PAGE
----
LOW'S PEAK 4095.2 M  |  6.075° N, 116.558° E

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CLIMBING MOUNT KINABALU

Climbing Mount Kinabalu

Ascending Mount kinabalu requires no specialized mountain climbing skills but it pays to be fit. Locals begin climbing the mountain from the age of three. The trail to the highest peak winds along the southern side of the mountain. It is an 8.5 kilometre (5.25 miles) trek to the top. For most people, from a 9 month-old baby (carried by father) to an 83 years-old New Zealander, the journey takes two days. However, champion mountain runners at the annual Mount Kinabalu International Climbathon, proclaimed the “toughest mountain race in the world”, have been known to complete the run up and down the mountain in less than 3 hours!

The terrain stretches upward from lowland rain forest to montane forest, cloud forest and sub alpine meadow, before finally reaching a crown of bare granite. Only at Mount Kinabalu can you eat breakfast in a lowland rainforest, lunch in a cloud forest, and enjoy dinner in a subalpine meadow!



A JOURNEY TO THE MOUNTAIN TOP

Timpohon Trail (4 Km):

  • Begins at Timpohon Gate which is 5.5 Km from Kinabalu Park HQ
  • For beginners as it is equipped with clear paths to help in ascending the steep and rocky terrain
  • No valleys or plateaus – endless steps goes all the way up
  • Proper huts for refreshments every kilometre
  • 2 – 3 hours climb to reach Layang-Layang
  • 4 – 5 hours climb to reach Panalaban

Interestingly the climb actually begins at Timpohon Gate with the descent to Carson’s Fall, named after the first Park Warden of Kinabalu Park. From here onwards, depending on your fitness level, it is about 4 – 5 hours climb for the day.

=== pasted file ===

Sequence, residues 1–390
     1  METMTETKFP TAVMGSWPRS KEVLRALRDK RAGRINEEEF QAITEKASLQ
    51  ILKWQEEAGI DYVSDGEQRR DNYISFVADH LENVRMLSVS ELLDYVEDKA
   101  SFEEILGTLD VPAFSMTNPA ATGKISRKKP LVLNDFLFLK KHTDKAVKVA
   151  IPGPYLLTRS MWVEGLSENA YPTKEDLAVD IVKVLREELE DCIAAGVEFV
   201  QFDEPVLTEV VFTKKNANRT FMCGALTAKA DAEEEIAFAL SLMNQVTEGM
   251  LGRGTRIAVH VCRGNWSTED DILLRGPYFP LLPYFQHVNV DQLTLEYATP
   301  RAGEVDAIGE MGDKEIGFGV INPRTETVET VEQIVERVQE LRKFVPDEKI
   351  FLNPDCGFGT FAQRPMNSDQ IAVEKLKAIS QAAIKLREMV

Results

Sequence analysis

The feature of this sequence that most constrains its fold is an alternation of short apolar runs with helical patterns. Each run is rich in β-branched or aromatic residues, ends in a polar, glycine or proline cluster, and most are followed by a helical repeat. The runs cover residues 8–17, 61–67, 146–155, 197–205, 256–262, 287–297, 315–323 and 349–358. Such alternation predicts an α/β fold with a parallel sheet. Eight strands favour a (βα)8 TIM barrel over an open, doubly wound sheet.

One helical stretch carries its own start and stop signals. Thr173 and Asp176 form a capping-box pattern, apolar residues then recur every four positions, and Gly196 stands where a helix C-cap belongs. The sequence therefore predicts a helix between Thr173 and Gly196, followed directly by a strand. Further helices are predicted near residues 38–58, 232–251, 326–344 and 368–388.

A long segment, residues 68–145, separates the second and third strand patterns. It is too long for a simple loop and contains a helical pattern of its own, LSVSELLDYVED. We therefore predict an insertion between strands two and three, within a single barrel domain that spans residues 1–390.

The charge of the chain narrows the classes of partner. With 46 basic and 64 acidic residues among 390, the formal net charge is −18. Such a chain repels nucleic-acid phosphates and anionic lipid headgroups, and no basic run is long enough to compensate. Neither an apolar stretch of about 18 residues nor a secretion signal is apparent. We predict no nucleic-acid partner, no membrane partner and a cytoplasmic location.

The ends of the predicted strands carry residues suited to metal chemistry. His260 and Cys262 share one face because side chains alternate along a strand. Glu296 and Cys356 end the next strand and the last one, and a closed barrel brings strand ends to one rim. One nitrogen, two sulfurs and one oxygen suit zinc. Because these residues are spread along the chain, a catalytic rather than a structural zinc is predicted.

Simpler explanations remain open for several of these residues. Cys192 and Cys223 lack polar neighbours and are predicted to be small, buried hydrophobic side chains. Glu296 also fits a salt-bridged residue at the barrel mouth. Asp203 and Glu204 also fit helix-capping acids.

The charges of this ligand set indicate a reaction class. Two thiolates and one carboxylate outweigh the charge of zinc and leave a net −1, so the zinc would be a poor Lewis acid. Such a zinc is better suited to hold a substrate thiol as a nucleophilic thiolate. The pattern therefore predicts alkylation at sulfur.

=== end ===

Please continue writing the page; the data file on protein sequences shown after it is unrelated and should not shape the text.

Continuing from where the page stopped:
The trail winds up a steep staircase of gnarled tree-roots to a mossy world of drifting clouds and orchird-draped trees, where where pitcher plants and rhododendrons abound. There are several shelters (or Pondok). The first is Kandis Shelter at 1,981.7 m, where on a clear day, a view of the road that links Kota Kinabalu city to the Park can be seen.

The second is Ubah Shelter at 2,081.4 m, the area where one of Borneo’s most unusual pitcher plants grows – the Nepenthes lowii, so do remember to look out for these oddly-shaped plants with containers. The mossy forest continues on past the Sabah Telecoms Station at Komborongoh, (2,252.2 m). Interestingly, ‘Komborongoh’ is a type of plant used to ward off evil spirits during traditional ceremonies and rituals by locals.

The third is Lowii Shelter. The trail continues up the mossy forest of mixed bamboos and tree ferns. More rhododendrons are seen. At 2,518 m is the fourth shelter, Mempening Shelter has wild begonias growing nearby. You can stop at these shelters to observe the squirrels, tree shrews and birds that seem so unafraid of climbers. Soon after the Layang-Layang TV station, you will emerge to an open exposed ridge at Layang-Layang (previously known as Carson’s Camp). Layang-layang (Place of Swallows) is where the Timpohon Trail meets the more scenic Mesilau Trail at 2,740 m.

From Layang Layang, the journey upwards passes the fifth shelter, Villosa Shelter, at 2,690 m, which is situated at the top of an open rocky patch and soon the forest becomes even more stunted. Superb view can be seen of Mt. Kinabalu towering above you as you follow the trail upwards. As you climb higher, you will pass a forest of bent and twisted silvery-grey trunks with peeling bark.